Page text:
Trees in Trouble: Wildfires, Infestations, and Climate Change


Product Details

Counterpoint LLC
Publish Date
5.4 X 8.2 X 0.9 inches | 0.8 pounds

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About the Author

Daniel Mathews is the author of Natural History of the Pacific Northwest Mountains, Rocky Mountain Natural History, and Cascade-Olympic Natural History. During a career of writing about the natural history of western North America, he has backpacked far and wide, watched for fires from Desolation Peak Lookout, witnessed a forty-inch-thick fir crash onto his family's house in a storm, and lived for several years in a forest cabin without electricity, heating with firewood and writing by kerosene lamp. He lives in Portland, Oregon.


The appeal of Mathews' evaluation of these valuable conifer forests may skew slightly to the more scientifically minded reader, yet his deeply personal connection to the land and its majestic trees makes this equally suitable for any tree lover and everyone concerned about the state of the planet.--Booklist

A walk in the woods with an environmental journalist and natural-history writer reveals that the forested world is in grave danger . . . His book sounds a timely warning to pay more heed to the health of the woodlands. Thoughtful environmental reportage suggesting that the fate of trees is the fate of all life. --Kirkus Reviews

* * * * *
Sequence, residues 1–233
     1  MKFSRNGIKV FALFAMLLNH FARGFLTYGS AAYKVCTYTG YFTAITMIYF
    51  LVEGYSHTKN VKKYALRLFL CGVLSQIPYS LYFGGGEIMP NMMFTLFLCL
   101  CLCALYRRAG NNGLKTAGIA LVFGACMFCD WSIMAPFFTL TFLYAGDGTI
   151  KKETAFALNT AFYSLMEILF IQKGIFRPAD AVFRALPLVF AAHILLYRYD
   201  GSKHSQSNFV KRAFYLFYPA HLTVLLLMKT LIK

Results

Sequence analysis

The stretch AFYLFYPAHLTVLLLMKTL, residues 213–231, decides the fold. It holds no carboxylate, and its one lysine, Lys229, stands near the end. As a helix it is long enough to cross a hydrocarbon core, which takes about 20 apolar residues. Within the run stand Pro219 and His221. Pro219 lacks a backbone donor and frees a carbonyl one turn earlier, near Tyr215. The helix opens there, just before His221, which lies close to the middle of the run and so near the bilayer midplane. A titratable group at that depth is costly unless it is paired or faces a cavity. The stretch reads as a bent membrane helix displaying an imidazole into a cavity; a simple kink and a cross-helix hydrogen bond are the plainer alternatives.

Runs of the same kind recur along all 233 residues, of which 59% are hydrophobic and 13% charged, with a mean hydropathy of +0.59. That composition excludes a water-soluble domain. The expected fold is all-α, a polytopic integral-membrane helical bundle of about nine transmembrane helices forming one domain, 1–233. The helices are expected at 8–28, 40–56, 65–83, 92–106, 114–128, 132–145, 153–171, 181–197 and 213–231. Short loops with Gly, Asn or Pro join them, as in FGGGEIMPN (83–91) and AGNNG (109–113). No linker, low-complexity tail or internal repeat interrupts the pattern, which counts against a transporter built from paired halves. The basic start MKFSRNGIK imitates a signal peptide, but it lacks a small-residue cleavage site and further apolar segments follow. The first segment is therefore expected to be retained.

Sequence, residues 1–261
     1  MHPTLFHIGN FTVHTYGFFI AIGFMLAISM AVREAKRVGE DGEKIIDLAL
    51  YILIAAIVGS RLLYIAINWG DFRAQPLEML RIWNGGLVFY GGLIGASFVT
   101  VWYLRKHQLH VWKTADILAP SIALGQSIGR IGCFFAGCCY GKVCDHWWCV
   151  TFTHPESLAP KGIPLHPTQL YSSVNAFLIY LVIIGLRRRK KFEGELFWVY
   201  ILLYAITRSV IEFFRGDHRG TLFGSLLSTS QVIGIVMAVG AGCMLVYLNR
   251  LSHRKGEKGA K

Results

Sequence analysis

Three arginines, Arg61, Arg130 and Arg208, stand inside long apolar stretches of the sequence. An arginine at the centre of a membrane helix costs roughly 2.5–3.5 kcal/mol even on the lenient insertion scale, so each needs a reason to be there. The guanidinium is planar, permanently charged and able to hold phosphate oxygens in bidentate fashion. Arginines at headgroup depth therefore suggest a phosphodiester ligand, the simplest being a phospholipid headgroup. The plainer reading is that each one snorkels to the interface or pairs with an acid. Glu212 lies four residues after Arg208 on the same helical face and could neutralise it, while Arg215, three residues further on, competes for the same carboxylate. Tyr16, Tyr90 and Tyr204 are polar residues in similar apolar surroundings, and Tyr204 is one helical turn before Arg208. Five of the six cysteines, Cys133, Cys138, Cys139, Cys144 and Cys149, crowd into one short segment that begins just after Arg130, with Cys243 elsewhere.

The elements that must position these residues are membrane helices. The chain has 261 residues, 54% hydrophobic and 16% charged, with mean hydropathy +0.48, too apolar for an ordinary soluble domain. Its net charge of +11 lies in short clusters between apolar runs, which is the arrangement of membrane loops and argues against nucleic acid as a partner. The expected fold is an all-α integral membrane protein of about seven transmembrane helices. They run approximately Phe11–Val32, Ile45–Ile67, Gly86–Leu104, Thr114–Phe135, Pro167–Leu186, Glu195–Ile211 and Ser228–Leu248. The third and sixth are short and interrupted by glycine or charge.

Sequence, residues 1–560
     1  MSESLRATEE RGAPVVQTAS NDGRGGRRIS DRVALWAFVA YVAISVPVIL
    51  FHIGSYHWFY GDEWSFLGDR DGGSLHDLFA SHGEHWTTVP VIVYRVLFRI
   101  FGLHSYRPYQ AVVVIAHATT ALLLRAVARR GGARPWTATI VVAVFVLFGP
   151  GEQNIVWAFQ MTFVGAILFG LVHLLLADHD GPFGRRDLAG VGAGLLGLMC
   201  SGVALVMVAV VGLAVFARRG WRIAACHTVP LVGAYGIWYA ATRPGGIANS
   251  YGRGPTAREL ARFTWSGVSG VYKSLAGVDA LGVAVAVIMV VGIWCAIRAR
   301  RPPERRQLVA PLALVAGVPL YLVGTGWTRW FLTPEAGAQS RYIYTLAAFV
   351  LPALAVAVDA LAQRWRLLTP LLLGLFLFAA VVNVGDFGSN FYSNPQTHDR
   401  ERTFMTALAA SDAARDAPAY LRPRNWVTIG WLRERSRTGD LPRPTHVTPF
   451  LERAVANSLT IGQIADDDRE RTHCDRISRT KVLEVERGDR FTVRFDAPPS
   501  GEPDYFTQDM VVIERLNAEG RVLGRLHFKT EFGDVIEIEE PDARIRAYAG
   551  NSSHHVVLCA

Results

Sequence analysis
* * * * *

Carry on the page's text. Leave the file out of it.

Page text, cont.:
Natural historian Mathews vividly relates the complex environmental situation facing America's western pine forests in this fascinating account . . . Eco-conscious readers, even those unversed in this seemingly niche subject, will be intrigued and enlightened by Mathews's thoughtful work. --Publishers Weekly

Lays out challenges facing today's pine forests that inspire new respect for their strength and resilience-and for the dilemma they're in. --Amy Wang, The Oregonian

Trees in Trouble, the work of a self-avowed tree lover, is no environmentalist screed. Daniel Mathews has written a comprehensive, deeply informed, and personally anguished call of alarm about the great conifer forests of the dry American West. He takes you to the sites around the region where scientists have been collecting data and building a grave prognosis: some major forests are dead, some dying, many in danger. The fires grow more intense every year. Yes, global warming has a hand in it, but the tragically misguided management practices of the twentieth century bear most of the blame. There is hope, says Mathews--you can't hang out with old trees and not feel hope--but the strong medicine our forests need will not please aesthetes or wilderness purists. It involves preempting fierce fires with cooler ones and considerable work with chain saws. Trees in Trouble is crucial reading for anyone who cares about the Mountain West. --John Daniel, author of The Trail Home and Rogue River Journal